Learning something new about yourself is always interesting and entertaining. And understanding the psychology behind the way we behave, treat others, and express ourselves can be even more appealing. Today, we here at Bright Side have compiled a list of the most surprising psychology facts that can help you better understand yourself and others. Other videos you might like: 10 Psychology Problems Caused by Parenting Behavior https://www.youtube.com/watch?v=f_eJPX-OI7c& 13 Psychology Tricks That Work On Anybody https://www.youtube.com/watch?v=FSvxuekIVuk& 12 Smart Psychological Tips You'd Better Learn https://www.youtube.com/watch?v=Szahr27ReQo& SUMMARY: - Any friendship that begins in the period between 16 and 28 years of age is more likely to be robust and long-lasting. - Women generally prefer men with deep husky voices because they seem more confident and not aggressive. - The smarter the person is, the faster he thinks, and the sloppier his handwriting is. - Our emotions don’t affect the way we communicate. In fact, the way we communicate has an influence on our mood. - The way a person treats restaurant staff reveals a lot about their character. - People who have a strong sense of guilt understand others’ thoughts and feelings better. - Men are not funnier than women. They just make more jokes, not caring whether others like their humor or not. - Shy people talk little about themselves, but they do this in a way that makes other people feel that they know them very well. - Women have twice as many pain receptors in their bodies than men, but they have a much higher pain tolerance. - Listening to high-frequency music makes you feel calm, relaxed, and happy. - If you can’t stop your stream of thoughts at night, get up and write them down. This trick will set your mind at ease so you can sleep. - Good morning and good night text messages activate the part of the brain responsible for happiness. - Doing things that scare you will make you happier. - The average amount of time a woman can keep a secret is 47 hours and 15 minutes. - People who try to keep everyone happy often end up feeling the loneliest. - The happier we are, the less sleep we require. - When you hold the hand of your beloved, you feel less pain and worry less. - Intelligent people have fewer friends than the average person. The smarter the person is, the more selective they are. - Marrying your best friend eliminates the risk of divorce by over 70%. This marriage is more likely to last a lifetime. - The people who give the best advice are usually the ones with the most problems. - Women who have mostly male friends stay in a good mood more often. - People who speak two languages may unconsciously shift their personalities when they switch from one language to another. - Being alone for a long time is as bad for your health as smoking 15 cigarettes a day. - Travel boosts brain health and decreases a person’s risk of heart attack and depression. - People look more attractive when they speak about the things they are interested in. - When two people talk to each other, and one of them turns their feet slightly away or repeatedly moves one foot in an outward direction, this is a sign of disagreement. Subscribe to Bright Side : https://goo.gl/rQTJZz For copyright matters please contact us at: [email protected] ---------------------------------------------------------------------------------------- Our Social Media: Facebook: https://www.facebook.com/brightside/ Instagram: https://www.instagram.com/brightgram/ 5-Minute Crafts Youtube: https://www.goo.gl/8JVmuC  ---------------------------------------------------------------------------------------- For more videos and articles visit: http://www.brightside.me/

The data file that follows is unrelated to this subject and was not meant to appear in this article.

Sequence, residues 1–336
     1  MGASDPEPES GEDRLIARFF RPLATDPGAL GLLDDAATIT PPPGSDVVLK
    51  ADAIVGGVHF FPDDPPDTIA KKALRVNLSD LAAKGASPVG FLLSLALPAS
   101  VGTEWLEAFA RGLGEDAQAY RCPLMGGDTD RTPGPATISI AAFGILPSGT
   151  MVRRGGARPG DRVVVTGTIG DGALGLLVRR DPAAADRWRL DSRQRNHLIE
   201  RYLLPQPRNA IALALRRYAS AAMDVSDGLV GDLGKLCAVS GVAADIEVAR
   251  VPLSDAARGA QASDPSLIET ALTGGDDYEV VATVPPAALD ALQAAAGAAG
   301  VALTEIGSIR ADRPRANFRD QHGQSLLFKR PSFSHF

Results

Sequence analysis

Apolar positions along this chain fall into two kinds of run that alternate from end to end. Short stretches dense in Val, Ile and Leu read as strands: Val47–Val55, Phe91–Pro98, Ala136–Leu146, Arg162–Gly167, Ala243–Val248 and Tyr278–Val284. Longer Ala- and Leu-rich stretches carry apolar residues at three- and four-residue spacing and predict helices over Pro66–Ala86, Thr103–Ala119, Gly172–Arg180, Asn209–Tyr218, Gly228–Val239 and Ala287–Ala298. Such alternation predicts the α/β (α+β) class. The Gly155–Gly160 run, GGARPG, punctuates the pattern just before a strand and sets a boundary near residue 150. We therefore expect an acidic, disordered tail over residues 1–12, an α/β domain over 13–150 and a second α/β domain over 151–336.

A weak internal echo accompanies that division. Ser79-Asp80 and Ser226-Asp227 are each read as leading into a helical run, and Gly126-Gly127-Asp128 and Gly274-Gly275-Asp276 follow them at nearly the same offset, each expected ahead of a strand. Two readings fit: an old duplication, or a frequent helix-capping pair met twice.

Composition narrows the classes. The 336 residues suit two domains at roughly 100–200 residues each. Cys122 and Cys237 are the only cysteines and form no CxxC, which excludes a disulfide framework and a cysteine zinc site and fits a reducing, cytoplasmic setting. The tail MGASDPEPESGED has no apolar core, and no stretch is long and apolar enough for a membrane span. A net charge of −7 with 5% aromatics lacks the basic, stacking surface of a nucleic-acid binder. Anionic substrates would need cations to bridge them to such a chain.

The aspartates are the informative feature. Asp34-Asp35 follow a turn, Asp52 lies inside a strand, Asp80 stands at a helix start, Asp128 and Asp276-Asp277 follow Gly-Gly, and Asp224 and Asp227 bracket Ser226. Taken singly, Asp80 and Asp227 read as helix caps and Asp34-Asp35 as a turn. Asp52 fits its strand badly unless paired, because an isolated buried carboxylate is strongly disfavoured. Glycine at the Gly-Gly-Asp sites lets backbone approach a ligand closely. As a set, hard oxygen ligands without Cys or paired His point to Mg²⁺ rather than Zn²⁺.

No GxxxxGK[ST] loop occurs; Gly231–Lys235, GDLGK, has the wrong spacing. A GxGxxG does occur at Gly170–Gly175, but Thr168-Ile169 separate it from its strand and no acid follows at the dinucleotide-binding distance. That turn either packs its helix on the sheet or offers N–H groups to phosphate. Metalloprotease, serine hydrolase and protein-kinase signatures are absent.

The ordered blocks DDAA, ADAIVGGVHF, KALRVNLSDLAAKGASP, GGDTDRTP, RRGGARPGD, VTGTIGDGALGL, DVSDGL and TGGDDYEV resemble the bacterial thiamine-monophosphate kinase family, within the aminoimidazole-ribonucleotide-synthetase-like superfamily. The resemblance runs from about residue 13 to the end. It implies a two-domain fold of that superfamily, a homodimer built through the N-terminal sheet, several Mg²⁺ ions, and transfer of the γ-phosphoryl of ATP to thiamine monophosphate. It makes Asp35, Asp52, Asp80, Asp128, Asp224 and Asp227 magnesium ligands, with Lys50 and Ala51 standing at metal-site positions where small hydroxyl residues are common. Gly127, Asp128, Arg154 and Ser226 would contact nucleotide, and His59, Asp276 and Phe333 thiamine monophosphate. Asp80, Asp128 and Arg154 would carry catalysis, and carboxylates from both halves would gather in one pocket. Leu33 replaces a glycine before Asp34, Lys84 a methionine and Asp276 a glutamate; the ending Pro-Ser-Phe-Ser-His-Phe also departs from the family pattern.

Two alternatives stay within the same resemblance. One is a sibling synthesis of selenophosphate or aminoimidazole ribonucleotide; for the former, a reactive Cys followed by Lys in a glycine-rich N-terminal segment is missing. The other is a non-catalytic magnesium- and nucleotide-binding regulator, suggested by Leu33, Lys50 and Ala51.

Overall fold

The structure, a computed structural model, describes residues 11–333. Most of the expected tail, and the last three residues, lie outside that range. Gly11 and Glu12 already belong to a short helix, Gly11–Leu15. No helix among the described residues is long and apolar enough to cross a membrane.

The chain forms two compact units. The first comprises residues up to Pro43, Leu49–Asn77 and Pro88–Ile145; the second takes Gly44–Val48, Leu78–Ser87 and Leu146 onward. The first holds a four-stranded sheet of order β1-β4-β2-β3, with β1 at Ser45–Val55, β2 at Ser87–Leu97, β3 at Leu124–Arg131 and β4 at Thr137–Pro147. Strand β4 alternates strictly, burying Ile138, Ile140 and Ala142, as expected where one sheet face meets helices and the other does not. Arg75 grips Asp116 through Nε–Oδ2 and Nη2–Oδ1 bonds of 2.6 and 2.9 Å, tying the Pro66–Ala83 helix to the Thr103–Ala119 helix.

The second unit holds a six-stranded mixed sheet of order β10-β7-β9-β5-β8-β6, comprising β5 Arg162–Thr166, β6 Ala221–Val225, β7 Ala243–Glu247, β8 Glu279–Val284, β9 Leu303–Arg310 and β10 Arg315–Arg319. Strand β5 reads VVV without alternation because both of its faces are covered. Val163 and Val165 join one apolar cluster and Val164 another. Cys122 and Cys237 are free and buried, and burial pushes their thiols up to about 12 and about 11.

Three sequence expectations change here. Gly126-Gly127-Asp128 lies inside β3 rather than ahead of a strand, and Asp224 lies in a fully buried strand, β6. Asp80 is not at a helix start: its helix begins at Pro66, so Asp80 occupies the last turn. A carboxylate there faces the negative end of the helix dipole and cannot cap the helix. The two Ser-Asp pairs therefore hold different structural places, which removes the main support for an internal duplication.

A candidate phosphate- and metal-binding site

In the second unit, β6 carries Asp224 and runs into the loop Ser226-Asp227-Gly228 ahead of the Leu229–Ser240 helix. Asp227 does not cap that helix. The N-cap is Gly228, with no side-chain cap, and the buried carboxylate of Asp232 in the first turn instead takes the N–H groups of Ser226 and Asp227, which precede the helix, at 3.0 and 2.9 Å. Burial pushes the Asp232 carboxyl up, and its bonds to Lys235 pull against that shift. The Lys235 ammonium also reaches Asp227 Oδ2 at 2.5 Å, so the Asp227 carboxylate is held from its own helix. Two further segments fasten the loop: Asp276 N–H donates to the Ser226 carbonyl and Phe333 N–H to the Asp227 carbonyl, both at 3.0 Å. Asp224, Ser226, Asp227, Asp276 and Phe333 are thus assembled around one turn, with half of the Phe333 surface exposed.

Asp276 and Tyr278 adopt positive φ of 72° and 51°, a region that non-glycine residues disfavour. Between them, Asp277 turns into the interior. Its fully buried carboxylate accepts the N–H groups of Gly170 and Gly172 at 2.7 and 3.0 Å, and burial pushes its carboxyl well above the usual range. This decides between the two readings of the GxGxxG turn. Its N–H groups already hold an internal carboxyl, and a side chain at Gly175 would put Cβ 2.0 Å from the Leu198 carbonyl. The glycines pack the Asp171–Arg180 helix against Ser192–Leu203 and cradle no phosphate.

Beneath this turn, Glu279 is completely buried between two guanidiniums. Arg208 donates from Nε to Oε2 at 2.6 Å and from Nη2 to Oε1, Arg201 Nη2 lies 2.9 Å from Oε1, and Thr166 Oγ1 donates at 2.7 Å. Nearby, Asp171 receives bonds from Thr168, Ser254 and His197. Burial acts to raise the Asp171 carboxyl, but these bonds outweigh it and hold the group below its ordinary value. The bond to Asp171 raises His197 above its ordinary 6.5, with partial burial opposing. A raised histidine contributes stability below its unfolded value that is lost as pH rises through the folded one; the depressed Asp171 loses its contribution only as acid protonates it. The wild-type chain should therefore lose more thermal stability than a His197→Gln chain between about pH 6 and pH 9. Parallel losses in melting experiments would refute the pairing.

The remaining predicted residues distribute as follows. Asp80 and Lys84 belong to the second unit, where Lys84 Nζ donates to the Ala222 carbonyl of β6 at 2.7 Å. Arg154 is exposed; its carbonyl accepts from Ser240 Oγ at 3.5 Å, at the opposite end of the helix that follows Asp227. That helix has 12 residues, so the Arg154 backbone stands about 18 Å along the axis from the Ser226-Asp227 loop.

Views: 2966429 BRIGHT SIDE
10 Psychology Facts Why You're the Way You're